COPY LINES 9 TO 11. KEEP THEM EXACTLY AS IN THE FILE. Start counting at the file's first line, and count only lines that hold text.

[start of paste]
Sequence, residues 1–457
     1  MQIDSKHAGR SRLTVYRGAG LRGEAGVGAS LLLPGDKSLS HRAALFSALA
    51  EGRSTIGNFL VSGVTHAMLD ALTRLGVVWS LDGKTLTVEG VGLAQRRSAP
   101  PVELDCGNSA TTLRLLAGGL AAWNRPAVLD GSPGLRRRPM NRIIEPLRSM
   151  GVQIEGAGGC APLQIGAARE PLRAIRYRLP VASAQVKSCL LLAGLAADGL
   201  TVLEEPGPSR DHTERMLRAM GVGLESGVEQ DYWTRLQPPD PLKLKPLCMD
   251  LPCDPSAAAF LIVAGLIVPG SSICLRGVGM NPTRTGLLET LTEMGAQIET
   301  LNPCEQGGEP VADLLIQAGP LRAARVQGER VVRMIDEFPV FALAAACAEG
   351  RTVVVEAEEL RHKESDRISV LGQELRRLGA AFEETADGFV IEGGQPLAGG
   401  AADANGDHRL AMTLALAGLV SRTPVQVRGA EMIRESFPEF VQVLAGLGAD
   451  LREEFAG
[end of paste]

   351  RTVVVEAEEL RHKESDRISV LGQELRRLGA AFEETADGFV IEGGQPLAGG
   401  AADANGDHRL AMTLALAGLV SRTPVQVRGA EMIRESFPEF VQVLAGLGAD
   451  LREEFAG